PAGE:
OK, let’s turn back the clock a bit to the 1950s and take a look at another R&B great – Johnny Ace.  Originally from Memphis, this preacher’s son originally played in a band that had B.B. King as its guitarist.  When King left, Ace took over the band and in 1952 Johnny Ace and the Beale Streeters became one of the first acts to record for the fledgling Duke Records.

A great pianist, Ace showed his skill on instrumentals like “Ace’s Wild” but he most often accompanied himself on smoky late-night tunes like “Angel” and “Cross My Heart.”  Touring heavily, Ace put together a string of hits that included “Please Forgive Me,” “The Clock,” “Yes, Baby,” “Saving My Love for You,” and “Never Let Me Go.”

Radio loved this guy, and so did concert audiences – usually on a bill with Big Mama Thornton or Duke label mate Bobby “Blue” Bland, Johnny Ace was quite a big star in 1954.

The late, great Johnny Ace

It was Christmas 1954, and Johnny Ace was about to play a gig in Houston’s City Auditorium.  Backstage, he was fooling around with a pistol and scaring other musicians by waving it around carelessly.  When somebody told him to be careful, Ace laughed and said “It’s okay, it isn’t loaded.”  He put the gun to his head and pulled the trigger – you can guess the rest.  Some reports say Ace was playing Russian roulette, but eyewitnesses confirmed the first version of the story.

After his funeral in Memphis the day after New Year’s, Johnny Ace had a monster posthumous hit with “Pledging My Love,” cut in Houston with Johnny Otis earlier in 1954.   Fueled by morbid interest in the singer’s untimely death (he was only 25), “Pledging” rocketed to No. 1 on the R&B charts and stayed there for 10 weeks, and on the pop charts it broke into the Top 20.  In the year after Ace’s death Robey continued to raid the vault and Johnny Ace scored a handful more hits before receding into the mists of legend.

MP3: “Ace’s Wild”

MP3: “Cross My Heart”

MP3: “The Clock”

MP3: “Saving My Love For You”

MP3: “Pledging My Love”

He was remembered most famously by Paul Simon in 1983, who wrote and sang “The Late Great Johnny Ace,” which also made reference to the murder of John Lennon.  Simon first performed the song in 1981 during the Simon & Garfunkel reunion in New York’s Central Park.   Near the end of the performance an audience member rushed the stage, causing Simon to pull away from the microphone.  As security yanked the guy away he yelled to Simon, “I gotta talk to you, I gotta talk to you.”  Visibly shaken, Simon continued the song but it was a scary moment as seen on video.

Well, Happy New Year!

Posted in Rock Moment, Rock Rant with tags , , , , , , , , on December 27, 2010 by 30daysout

Last night, while aimlessly flipping through TV channels, I stumbled upon a Fox News Channel commentator bitching about President Obama vacationing with his family in Hawaii for the holidays. Now on Fox they’re always bitching about Obama, but I thought: “The dude can take a holiday vacation with his family.  I’m taking a holiday vacation, even if it’s only one day. You should take one too, Mr. Fox News Channel.”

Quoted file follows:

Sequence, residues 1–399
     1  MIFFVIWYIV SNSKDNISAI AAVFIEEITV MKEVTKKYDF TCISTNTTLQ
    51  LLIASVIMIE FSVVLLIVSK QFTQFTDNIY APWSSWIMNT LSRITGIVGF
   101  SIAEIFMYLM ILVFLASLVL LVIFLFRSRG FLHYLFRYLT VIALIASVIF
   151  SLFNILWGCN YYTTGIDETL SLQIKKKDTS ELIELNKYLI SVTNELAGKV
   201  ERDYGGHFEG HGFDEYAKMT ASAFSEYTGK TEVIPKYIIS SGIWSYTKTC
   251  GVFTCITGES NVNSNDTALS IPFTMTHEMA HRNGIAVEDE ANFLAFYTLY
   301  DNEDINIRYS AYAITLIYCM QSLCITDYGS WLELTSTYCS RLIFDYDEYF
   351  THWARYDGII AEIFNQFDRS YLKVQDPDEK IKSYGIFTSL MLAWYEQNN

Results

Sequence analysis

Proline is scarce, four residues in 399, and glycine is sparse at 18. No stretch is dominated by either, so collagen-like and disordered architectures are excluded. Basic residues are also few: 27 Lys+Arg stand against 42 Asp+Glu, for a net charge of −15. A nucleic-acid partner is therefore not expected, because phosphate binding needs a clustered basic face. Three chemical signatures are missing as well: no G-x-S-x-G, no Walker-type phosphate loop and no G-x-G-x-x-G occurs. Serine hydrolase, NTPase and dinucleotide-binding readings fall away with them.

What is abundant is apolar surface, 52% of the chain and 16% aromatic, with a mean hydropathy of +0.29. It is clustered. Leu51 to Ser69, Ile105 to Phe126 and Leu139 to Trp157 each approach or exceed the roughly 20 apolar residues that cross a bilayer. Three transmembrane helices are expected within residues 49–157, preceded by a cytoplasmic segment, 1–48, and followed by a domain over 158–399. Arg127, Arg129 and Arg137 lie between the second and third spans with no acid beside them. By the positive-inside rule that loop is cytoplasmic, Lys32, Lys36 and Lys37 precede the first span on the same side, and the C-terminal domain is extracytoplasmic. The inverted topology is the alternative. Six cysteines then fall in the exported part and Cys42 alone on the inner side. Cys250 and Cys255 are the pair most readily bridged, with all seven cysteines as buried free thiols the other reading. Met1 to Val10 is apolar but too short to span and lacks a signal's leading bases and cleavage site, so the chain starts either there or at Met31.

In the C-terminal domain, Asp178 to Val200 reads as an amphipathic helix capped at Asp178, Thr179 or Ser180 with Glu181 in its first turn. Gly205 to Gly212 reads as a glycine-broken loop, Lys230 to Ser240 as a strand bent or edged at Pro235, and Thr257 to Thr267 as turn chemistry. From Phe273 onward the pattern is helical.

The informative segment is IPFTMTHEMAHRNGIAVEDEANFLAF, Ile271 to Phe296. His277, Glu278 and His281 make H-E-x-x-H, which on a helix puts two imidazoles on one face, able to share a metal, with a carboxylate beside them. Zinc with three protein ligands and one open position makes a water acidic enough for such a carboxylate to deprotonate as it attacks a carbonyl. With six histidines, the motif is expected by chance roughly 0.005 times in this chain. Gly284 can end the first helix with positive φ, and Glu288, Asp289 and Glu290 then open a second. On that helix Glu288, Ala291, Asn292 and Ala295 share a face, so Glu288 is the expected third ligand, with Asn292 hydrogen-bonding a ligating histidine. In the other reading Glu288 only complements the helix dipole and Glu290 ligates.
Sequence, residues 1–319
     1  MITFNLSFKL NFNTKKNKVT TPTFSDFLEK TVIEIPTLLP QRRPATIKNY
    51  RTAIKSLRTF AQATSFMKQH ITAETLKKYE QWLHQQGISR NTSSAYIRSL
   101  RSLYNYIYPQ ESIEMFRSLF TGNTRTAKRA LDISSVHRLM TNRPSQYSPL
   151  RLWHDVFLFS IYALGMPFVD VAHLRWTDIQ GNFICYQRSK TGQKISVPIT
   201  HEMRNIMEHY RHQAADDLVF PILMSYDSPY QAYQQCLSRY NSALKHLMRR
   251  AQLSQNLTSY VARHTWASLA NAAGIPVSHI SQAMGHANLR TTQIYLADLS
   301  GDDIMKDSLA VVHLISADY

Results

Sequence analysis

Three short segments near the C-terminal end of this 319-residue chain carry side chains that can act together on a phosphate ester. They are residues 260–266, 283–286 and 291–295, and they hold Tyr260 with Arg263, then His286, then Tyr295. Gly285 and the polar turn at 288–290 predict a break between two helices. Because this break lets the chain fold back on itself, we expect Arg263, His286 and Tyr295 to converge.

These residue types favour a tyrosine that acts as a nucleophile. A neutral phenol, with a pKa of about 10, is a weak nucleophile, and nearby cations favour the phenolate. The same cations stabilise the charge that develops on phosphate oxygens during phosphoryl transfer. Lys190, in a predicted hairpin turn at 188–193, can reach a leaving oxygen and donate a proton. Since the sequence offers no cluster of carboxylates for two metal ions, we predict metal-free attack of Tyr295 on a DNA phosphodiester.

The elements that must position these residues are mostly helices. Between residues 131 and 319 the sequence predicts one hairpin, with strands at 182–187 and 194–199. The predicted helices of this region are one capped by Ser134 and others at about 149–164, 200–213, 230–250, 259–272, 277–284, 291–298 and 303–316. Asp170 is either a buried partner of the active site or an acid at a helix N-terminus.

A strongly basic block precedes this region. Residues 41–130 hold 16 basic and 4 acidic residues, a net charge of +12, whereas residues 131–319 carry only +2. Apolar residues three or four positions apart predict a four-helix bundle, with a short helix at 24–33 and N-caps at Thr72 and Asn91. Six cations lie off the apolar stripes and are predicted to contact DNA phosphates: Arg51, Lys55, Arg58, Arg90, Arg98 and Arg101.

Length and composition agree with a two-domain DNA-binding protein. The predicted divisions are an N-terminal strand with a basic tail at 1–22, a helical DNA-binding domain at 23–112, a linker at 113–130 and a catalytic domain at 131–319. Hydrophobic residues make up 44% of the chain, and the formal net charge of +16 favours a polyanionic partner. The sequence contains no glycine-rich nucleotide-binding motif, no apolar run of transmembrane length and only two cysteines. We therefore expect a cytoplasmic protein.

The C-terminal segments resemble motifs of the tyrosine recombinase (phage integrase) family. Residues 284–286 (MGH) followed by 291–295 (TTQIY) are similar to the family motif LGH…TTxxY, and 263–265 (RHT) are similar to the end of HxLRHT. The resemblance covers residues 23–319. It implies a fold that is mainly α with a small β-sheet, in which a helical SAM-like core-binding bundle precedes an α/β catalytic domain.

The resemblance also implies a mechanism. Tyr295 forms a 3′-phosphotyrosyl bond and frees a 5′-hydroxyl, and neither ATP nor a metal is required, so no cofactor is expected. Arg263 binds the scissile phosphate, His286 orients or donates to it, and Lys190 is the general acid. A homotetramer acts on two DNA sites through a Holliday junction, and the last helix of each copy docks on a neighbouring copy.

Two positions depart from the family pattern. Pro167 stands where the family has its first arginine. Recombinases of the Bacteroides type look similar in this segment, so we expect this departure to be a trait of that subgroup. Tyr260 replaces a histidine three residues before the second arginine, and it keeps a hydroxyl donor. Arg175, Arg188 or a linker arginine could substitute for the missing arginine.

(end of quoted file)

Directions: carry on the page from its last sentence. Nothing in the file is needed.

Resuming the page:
Then I realized, that was the first time in about two weeks of this holiday season that I had even given a passing thought to President Obama. Or any president or politician, for that matter. Yes, I understand that presidents and politicians make decisions that affect our lives; and I apologize to those who are thinking right now that I’m just a vapid little rock and roll lightweight.

But the truth of the matter is, I don’t think about this stuff too much unless I am getting a regular dose of Fox News Channel, or CNN, or any of the others.  They gotta talk about something to stay on the air for 24 hours and I guess presidents and politicians are good subjects for that. Everybody on TV has an opinion, but I don’t have to listen to all of them.

So I suppose what I am saying is, celebrate the New Year by putting CNN and Fox on mute, forget about the president for a day or two and count your blessings. We’re gonna start a new decade in a day or so, and I’m sure it’s going to be as weird and challenging as the last one.

We’ll be here, taking ‘er easy for you and helping you rock out!

MP3: “Happy New Year Baby” by Johnny Otis & His Orchestra

MP3: “Merry Christmas, Happy New Year” by Lee “Scratch” Perry & Sandra Robinson

MP3: “New Year’s Resolution” by Otis Redding & Carla Thomas

MP3: “Queer For The New Year” by Blowfly (Not Safe For Work!)

MP3: “New Year’s Resolution” by Donovan

MP3: “My New Year’s Wish For You” by Franklin MacCormack

MP3: “Happy New Year” by ABBA

MP3: “Happy New Year Blues” by Mary Harris

MP3: “Happy New Year” by Lightnin’ Hopkins

MP3: “The End’s Not Near” by Band of Horses

MP3: “Happy New Year” by the Twins

MP3: “Auld Lang Syne” by Chris Isaak


More good stuff from last year’s post

Lost Classics! The Signifying Monkey

Posted in Lost Classics! with tags , , , , on August 21, 2008 by 30daysout

Dickie & the Tornadoes, with singer Billy Cross (1980s)

The first time I ever heard of the Signifying Monkey was in the early 1980s, in a dive called the Riverside Tavern in Port Neches, Texas.  Just down the street from a Texaco plant, the bar attracted sailors off petroleum tankers in dock and it was a tough place to hang out to say the least.  I don’t know who was braver, the patrons of the Riverside or the musicians who played there. 

One of the bands we enjoyed there was Dickie and the Tornadoes, with lead singer Billy Cross (formerly a road manager for the Fabulous Thunderbirds) and one of their crowd pleasing tunes was “The Signifying Monkey.”  The song told the story of a badass little monkey who comes into contact with other, much larger and supposedly more ferocious jungle inhabitants and manages to overcome them all.  The Signifying Monkey character has a long history in African-American folklore (look it up) but we like him because the songs involve lots of cussing.